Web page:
COS 29-3
The population genetics of an important invasive species in the Prairie Pothole Region; Kentucky bluegrass (Poa pratensis)

Tuesday, August 6, 2013: 8:40 AM
L100I, Minneapolis Convention Center
Lauren Alexsandra Dennhardt, Biological Sciences, North Dakota State University, Fargo, ND

Kentucky bluegrass (Poa pratensis) is an invasive species from Eurasia introduced during early European settlement of North America.  Kentucky bluegrass (KBG) has been studied extensively as an economic crop, but has not received much attention from ecologists despite its destructive potential as an invasive species in the prairie pothole region (PPR).  Recent reviews describe plant introduction and naturalization, but genetic data from a variety of invasive events is necessary to fully understand the mechanisms of invasion in this species.  KBG is aggressively invading and altering the character of prairie communities in North and South Dakota.  I am studying the genetic diversity, growth characteristics and ploidy in this region using 12 microsatellite markers at 19 sites with the goals of elucidating 1) the level of population structuring and diversity in its invasion, 2) the variation of polyploidy in the wild genotypes, and 3) competitive ability in wild populations. My results have implications for management and policy decisions regarding native prairie and may provide a tool for understanding and controlling this and other invasive species.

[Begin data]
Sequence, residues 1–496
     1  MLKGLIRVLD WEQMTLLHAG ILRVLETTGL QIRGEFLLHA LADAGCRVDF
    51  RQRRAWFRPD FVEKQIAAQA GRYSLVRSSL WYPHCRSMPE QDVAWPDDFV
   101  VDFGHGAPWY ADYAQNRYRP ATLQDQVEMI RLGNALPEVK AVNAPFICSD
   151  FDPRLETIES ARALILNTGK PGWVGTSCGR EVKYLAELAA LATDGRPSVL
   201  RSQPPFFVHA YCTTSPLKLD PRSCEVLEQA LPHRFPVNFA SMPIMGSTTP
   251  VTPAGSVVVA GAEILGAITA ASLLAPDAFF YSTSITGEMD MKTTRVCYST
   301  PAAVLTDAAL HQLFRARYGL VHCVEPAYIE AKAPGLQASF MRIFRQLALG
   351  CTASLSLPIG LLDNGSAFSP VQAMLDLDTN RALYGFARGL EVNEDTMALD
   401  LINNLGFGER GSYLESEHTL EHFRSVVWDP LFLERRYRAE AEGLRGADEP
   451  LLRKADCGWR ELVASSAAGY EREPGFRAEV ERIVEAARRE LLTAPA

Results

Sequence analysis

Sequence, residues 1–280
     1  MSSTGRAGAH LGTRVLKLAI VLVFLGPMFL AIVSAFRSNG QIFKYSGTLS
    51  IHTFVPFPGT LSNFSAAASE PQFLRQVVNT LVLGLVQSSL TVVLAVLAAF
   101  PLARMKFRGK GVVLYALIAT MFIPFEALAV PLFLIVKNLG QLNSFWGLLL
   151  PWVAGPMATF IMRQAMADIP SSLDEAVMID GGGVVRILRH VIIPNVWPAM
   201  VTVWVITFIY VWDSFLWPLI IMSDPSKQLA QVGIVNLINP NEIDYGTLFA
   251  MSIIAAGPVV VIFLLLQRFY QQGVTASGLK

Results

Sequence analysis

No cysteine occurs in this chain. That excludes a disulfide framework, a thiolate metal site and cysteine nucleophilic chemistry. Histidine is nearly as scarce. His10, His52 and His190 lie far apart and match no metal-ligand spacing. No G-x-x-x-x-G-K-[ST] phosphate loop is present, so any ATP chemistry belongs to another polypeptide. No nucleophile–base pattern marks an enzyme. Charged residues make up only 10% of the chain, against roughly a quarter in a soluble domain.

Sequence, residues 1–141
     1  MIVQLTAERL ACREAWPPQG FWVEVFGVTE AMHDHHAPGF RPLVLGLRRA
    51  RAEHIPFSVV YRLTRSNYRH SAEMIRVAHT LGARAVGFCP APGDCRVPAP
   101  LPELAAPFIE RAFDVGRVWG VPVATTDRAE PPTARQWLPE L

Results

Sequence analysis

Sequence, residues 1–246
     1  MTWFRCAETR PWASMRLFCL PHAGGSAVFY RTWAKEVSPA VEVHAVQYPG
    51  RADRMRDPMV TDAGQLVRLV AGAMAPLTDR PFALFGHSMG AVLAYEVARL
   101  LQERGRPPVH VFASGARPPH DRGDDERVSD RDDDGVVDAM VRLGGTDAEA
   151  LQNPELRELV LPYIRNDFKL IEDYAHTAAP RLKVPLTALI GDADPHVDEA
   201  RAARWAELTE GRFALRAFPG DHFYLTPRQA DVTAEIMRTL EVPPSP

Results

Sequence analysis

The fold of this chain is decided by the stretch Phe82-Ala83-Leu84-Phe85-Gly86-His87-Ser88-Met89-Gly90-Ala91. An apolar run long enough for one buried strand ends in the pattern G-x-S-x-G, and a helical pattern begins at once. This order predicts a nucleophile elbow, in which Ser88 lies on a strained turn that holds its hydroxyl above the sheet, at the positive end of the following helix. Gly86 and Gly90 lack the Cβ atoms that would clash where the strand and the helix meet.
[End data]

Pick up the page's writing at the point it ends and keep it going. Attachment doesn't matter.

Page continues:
A total of 665 samples were evaluated at 12 microsatellite loci along with species richness and degree of invasion at each site.    KBG is the most abundant plant species in the PPR and its abundance (greater than 50% composition) is negatively correlated with species richness.  There is a high degree of genetic diversity and ploidy levels within even a single sampled site at all 12 loci.  The number of alleles at each locus range from one to thirteen. The ploidy levels range from 2n to at least 36n with varying frequencies of ploidy levels and genetic diversity between and among sites.  There is evidence that certain genotypes are associated with greater percentages of invasion and ploidy may be segregating along a perception gradient.  These results suggest that some large genomic changes as a result of autopolyploid and propagule pressure can influence the success of the KBG invaders and potentially other invasive species.